Education Exchange – The Bridging Project/The Bridging Foundation

The U.S. CULCON panel established the Bridging Project Clearinghouse in 1997 to address the CULCON initiative of increasing American student exchange to Japan.  Its principal functions encompassed recruitment and outreach, information gathering and dissemination, the development of new sources of financial aid for study in Japan, research and the establishment of a network of student and faculty “champions.”
The Bridging Project, housed at the Association of Teachers of Japanese (ATJ) has evolved into a self-sustaining not-for-profit U.S.-Japan Bridging Foundation, offering scholarships to American undergraduate students participating in study-abroad programs in Japan. Funding from private foundations and major U.S. corporations, through donations to the U.S.-Japan Bridging Foundation , makes it possible to award about 100 scholarships each year to assist students with the travel and living expenses they will incur while studying abroad in Japan for a semester or an academic year.
Here is a press release from the original announcement of the Bridging Project:
October 24, 1995 Briefing

Corporate and Political Leaders Rally to Support Increase in American Students in Japan

Endorse Project to Address Growing Concerns of Americans’ Inability to Compete with Japanese Peers
For Immediate Release
Tuesday, October 24, 1995
Contact: Pamela Fields
Japan-US Friendship Commission
(202) 275-7712
Washington, DC — In a bi-partisan effort, Senator Richard G. Lugar, (R-IN) and Senator Jay Rockefeller (D-WVA) met with a group of top corporate executives and government officials at the US Capitol tonight to urge them to support plans to send more American students to Japan. Currently, for every American going to Japan, 20 Japanese study in the United States. Both senators stressed that this puts the US at a competitive disadvantage. Senator Rockefeller stated that the imbalance “. . . deprives our young people of extraordinary opportunities.” Senator Lugar argued that “. . . back channel politics has worked well through the years…now we want to make certain there is a very large network of [US] students [studying in Japan] and that we have that kind of bridge that makes the difference.”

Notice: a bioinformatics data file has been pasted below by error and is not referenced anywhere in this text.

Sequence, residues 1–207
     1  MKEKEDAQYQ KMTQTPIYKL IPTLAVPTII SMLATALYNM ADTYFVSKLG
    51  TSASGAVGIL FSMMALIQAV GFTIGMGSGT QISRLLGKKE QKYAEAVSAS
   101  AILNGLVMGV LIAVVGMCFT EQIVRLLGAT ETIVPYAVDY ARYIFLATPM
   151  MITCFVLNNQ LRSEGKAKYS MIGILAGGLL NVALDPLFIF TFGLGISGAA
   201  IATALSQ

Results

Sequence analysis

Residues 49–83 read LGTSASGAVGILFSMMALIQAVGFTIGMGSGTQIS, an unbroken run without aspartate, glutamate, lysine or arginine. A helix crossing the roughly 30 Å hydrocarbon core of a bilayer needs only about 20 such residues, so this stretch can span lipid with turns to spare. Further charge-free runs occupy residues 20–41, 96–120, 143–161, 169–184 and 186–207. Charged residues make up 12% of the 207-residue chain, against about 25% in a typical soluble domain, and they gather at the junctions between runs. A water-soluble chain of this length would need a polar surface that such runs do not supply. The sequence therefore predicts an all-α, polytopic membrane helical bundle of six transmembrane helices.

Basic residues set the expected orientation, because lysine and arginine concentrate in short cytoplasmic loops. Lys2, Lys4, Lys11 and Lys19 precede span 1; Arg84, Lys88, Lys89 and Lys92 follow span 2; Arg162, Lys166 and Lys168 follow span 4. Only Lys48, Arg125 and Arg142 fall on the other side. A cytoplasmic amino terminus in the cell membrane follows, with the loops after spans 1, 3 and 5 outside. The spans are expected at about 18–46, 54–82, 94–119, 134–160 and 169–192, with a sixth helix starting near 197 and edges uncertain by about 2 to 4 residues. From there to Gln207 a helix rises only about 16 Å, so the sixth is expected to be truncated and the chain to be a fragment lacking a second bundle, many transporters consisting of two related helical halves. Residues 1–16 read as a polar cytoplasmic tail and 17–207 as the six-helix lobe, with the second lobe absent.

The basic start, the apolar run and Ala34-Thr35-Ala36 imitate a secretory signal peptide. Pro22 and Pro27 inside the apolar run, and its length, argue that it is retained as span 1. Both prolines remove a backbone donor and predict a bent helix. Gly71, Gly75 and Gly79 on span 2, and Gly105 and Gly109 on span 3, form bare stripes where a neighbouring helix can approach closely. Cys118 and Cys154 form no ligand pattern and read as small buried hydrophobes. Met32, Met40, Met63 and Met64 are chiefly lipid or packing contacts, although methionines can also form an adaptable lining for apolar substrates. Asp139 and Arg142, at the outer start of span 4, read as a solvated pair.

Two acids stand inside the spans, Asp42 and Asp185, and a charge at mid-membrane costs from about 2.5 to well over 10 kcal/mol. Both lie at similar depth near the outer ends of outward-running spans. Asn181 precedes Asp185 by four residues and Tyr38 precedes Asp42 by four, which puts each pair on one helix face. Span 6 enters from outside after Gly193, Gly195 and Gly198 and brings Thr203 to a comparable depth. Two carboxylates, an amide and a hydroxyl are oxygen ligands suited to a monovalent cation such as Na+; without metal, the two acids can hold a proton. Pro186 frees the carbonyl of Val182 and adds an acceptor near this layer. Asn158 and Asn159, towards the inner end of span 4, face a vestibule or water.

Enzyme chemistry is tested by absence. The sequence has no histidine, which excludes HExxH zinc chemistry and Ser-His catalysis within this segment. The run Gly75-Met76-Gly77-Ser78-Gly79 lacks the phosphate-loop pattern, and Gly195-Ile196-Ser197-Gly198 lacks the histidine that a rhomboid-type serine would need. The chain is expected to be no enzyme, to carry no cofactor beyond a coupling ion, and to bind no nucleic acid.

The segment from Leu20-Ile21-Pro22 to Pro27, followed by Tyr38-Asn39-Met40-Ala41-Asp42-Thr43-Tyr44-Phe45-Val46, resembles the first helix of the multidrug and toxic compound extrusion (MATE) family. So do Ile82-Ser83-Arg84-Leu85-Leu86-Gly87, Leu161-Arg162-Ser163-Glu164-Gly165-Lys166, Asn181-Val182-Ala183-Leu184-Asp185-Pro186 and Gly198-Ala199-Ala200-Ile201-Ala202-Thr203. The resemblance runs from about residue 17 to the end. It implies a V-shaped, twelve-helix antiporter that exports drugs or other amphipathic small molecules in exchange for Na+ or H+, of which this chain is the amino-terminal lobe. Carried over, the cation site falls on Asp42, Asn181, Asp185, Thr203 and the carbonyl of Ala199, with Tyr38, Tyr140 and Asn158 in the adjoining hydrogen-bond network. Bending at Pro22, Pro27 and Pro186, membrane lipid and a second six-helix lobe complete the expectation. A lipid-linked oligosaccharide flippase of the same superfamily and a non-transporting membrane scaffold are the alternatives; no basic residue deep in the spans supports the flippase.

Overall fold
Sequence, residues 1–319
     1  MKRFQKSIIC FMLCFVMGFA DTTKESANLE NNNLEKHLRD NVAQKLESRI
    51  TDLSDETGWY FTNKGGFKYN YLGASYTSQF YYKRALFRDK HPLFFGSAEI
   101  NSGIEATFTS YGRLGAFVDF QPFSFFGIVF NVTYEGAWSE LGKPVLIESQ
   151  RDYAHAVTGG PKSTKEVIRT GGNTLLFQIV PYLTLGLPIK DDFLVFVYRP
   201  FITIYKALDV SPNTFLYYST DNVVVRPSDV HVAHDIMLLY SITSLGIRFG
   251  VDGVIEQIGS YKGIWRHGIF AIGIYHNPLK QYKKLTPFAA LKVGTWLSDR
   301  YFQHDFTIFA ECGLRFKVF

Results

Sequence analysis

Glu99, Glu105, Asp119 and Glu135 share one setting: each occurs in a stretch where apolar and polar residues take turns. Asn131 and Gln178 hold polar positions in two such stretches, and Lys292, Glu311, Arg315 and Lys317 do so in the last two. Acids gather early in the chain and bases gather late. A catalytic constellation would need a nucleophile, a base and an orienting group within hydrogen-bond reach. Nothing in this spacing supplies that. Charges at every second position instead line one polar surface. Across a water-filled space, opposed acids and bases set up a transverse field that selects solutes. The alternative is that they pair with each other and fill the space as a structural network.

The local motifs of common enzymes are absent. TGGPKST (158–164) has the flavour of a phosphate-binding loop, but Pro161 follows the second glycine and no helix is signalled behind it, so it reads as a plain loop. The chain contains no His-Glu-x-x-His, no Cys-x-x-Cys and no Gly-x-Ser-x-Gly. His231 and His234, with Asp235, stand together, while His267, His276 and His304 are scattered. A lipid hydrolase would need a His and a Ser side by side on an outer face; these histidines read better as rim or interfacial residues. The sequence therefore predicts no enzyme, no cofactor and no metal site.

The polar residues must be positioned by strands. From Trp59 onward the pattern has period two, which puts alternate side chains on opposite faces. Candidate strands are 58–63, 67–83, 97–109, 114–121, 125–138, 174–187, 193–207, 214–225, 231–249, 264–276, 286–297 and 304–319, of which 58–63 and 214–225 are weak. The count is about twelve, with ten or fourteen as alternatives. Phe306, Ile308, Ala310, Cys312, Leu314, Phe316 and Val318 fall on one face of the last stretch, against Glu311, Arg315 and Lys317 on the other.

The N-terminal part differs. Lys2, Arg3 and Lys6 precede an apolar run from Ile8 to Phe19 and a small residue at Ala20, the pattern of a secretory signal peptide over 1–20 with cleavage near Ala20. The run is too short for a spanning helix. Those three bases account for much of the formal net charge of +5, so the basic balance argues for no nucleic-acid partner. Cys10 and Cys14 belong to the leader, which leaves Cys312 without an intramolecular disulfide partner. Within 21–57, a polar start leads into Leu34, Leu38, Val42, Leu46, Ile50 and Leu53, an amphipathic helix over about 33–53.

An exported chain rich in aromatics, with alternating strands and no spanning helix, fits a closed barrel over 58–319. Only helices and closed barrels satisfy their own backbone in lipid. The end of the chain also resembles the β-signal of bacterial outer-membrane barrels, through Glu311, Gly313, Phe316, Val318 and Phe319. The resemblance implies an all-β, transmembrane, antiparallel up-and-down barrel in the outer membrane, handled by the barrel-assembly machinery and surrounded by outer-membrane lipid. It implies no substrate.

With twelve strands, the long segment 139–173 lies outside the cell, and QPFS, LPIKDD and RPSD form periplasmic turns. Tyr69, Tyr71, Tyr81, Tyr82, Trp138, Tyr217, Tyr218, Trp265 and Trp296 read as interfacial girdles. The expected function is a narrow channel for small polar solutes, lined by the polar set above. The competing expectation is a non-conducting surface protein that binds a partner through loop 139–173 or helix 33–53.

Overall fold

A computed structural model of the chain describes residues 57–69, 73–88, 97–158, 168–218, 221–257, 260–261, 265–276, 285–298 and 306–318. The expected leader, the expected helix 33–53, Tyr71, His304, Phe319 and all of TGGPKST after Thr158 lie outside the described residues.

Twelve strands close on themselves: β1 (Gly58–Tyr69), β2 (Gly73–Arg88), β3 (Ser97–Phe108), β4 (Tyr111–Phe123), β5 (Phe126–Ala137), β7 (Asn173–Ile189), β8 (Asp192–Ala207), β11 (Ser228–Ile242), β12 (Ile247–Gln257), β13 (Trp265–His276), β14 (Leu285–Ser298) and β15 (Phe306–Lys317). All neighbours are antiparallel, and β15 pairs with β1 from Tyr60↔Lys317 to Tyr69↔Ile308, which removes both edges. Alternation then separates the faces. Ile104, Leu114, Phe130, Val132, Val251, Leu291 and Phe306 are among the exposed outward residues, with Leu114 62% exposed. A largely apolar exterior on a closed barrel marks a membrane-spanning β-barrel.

Dr. Joseph D. Duffey, Director, US Information Agency and The Honorable Takakazu Kuriyama, Ambassador of Japan, among others, presented their support for this idea. Ambassador Walter F. Mondale, US Ambassador to Japan, stated in his message to the group, “We need to ensure that our young people are prepared to assume leadership roles in all aspects of our trade, security, cultural and educational relationship with Japan.” Senator Mike Mansfield, former Ambassador to Japan, who has characterized the US-Japan relationship as the most important in the world, also attended the briefing. Recent surveys have found that the three greatest barriers for American students in choosing Japan for a year of study are lack of: money; information and knowledgeable faculty mentors.
A coalition of public and private organizations, including Earlham College, Association of American Colleges & Universities, The Laurasian Institution, CULCON, and others, has mounted a new program known as the Bridging Project to overcome these obstacles.
The Bridging Project is designed to recruit students for study in Japan and provide them information and support services, such as visa facilitation, housing, transfer of credit and counseling, develop suitable courses of study and build curriculum relating to Japan in US institutions.
Northwest Airlines announced a generous pledge of $1.5 million in airfare earmarked for these students. Several other aspects of the Bridging Project are currently funded and underway, including a World Wide Web site on information on study abroad in Japan.
The Bridging Project is expected to be highlighted in discussions between President Clinton and Prime Minister Murayama during the US-Japan Summit meetings cheduled for November in Tokyo.